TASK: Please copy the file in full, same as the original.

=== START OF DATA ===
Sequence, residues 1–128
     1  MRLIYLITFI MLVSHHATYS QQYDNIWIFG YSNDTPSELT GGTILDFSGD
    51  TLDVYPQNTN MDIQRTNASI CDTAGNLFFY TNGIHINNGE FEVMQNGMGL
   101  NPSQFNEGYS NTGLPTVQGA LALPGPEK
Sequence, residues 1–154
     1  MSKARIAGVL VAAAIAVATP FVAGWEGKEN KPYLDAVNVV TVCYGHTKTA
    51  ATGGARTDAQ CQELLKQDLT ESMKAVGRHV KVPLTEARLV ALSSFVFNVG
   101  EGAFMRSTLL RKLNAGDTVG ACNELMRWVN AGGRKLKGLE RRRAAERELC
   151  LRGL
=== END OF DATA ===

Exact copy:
Sequence, residues 1–128
     1  MRLIYLITFI MLVSHHATYS QQYDNIWIFG YSNDTPSELT GGTILDFSGD
    51  TLDVYPQNTN MDIQRTNASI CDTAGNLFFY TNGIHINNGE FEVMQNGMGL
   101  NPSQFNEGYS NTGLPTVQGA LALPGPEK
Sequence, residues 1–154
     1  MSKARIAGVL VAAAIAVATP FVAGWEGKEN KPYLDAVNVV TVCYGHTKTA
    51  ATGGARTDAQ CQELLKQDLT ESMKAVGRHV KVPLTEARLV ALSSFVFNVG
   101  EGAFMRSTLL RKLNAGDTVG ACNELMRWVN AGGRKLKGLE RRRAAERELC
   151  LRGL